13−0.190.030.180.35−0.350.230.51−0.50−0.080.29−0.030.30---salmon, rice, animal fat
14−0.310.320.590.330.610.540.32−0.380.030.430.55−0.280.41--lamb, rice, animal fat
15−0.310.250.030.150.140.64−0.090.240.620.700.40−0.360.050.20-chicken, corn, rice, wheat, vegetable fiber, animal fat
160.240.390.640.720.300.760.670.000.520.480.41−0.260.360.500.32barley, salmon, rabbit, whole grain oat flour, potato flakes, poultry fat
170.360.200.810.500.510.590.68−0.290.470.640.01−0.410.120.340.05duck, corn flour, rice flour, salmon, liver, sugar beet molasses, poultry fat
18−0.16−0.060.670.260.570.690.48−0.450.200.650.12−0.310.400.740.08lamb, rice, corn, poultry fat
19−0.130.310.770.600.400.710.70−0.410.370.690.13−0.120.640.700.25lamb, oats, beef, pork, lamb fat, lentils, peas
200.070.100.470.35−0.04−0.060.60−0.54−0.160.06−0.370.400.600.19−0.46lamb, peas, lentils, lamb liver, lamb fat
210.29−0.310.08−0.12−0.100.220.09−0.22−0.020.320.050.410.08−0.250.06sardines, mackerel, hake, flounder, redfish, sole, herring, cod, blue whiting, herring oil, red lentils, green lentils, green peas, chickpeas, peas
220.25−0.030.010.32−0.410.280.360.060.240.10−0.120.490.42−0.310.15white fish, herring, salmon, salmon oil, peas, potato flakes
23−0.290.000.680.210.730.680.34−0.320.130.480.180.000.250.710.06turkey, rabbit, peas, pork fat, potatoes
24−0.17−0.190.420.110.180.370.40−0.65−0.190.36−0.040.420.680.47−0.14lamb, potato flakes, peas, chicken protein, Saccharomyces cerevisiae, salmon oil
250.350.240.500.610.100.680.65−0.120.630.660.14−0.420.360.220.41white fish, potato flakes, peas, animal fat, salmon, chicken
26−0.080.150.770.580.420.790.72−0.290.400.650.12−0.220.560.690.17chicken, rice, peas, animal fat, beef
27−0.040.060.740.410.460.680.63−0.480.320.740.06−0.320.490.650.13chicken, rice, peas, animal fat, beef
28−0.020.160.660.550.330.840.65−0.200.620.850.11−0.490.450.550.44poultry, salmon, millet, barley, corn, rice, potatoes, dried beet pulp, animal fat
290.46−0.250.23−0.080.110.200.20−0.440.120.49−0.12−0.10−0.02−0.190.01herring, sardines, flounder, cod, hake, green peas, red lentils, chickpeas, green lentils, red banded redfish, pinto beans, peas, pollock oil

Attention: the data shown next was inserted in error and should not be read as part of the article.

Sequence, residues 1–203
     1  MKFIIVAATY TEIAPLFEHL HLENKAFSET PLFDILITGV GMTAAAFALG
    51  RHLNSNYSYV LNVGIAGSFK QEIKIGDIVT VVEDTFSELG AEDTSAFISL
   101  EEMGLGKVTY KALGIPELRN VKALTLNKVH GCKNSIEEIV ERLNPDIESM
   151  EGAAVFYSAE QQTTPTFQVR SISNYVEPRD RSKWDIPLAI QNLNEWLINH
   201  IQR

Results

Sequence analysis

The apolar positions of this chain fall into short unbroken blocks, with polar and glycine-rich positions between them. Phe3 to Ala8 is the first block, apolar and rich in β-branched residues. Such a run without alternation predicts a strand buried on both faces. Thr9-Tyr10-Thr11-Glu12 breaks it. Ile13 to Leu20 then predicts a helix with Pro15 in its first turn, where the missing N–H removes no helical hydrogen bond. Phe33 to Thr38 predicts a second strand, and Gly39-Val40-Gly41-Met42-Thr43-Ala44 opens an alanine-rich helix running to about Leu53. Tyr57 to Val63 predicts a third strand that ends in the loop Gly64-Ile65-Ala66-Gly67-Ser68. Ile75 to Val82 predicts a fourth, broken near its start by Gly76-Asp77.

30−0.330.020.020.100.130.31−0.100.940.670.10−0.24−0.25−0.53−0.290.37potatoes, Hermetia illucens, poultry fat
No161718192021222324252627282930The Main Ingredients
16---------------barley, salmon, rabbit, whole grain oat flour, potato flakes, poultry fat
170.61--------------duck, corn flour, rice flour, salmon, liver, sugar beet molasses, poultry fat
180.540.76-------------lamb, rice, corn, poultry fat
190.670.710.82------------lamb, oats, beef, pork, lamb fat, lentils, peas
200.080.400.380.60-----------lamb, peas, lentils, lamb liver, lamb fat
210.140.360.130.150.21----------sardines, mackerel, hake, flounder, redfish, sole, herring, cod, blue whiting, herring oil, red lentils, green lentils, green peas, chickpeas, peas
220.480.16−0.090.260.260.56---------white fish, herring, salmon, salmon oil, peas, potato flakes
230.470.630.840.790.440.230.01--------turkey, rabbit, peas, pork fat, potatoes
240.290.470.690.760.770.460.310.76-------lamb, potato flakes, peas, chicken protein, Saccharomyces cerevisiae, salmon oil
250.830.720.520.620.090.240.510.260.24------white fish, potato flakes, peas, animal fat, salmon, chicken
260.800.770.900.930.450.160.260.790.690.72-----chicken, rice, peas, animal fat, beef
270.590.850.960.890.480.210.060.770.710.660.93----chicken, rice, peas, animal fat, beef
280.760.790.830.820.200.160.220.570.460.870.900.90---poultry, salmon, millet, barley, corn, rice, potatoes, dried beet pulp, animal fat
290.110.700.390.260.250.730.240.230.380.470.270.500.41--herring, sardines, flounder, cod, hake, green peas, red lentils, chickpeas, green lentils, red banded redfish, pinto beans, peas, pollock oil
300.02−0.08−0.24−0.23−0.48−0.090.01−0.07−0.49−0.05−0.14−0.26−0.02−0.24-potatoes, Hermetia illucens, poultry fat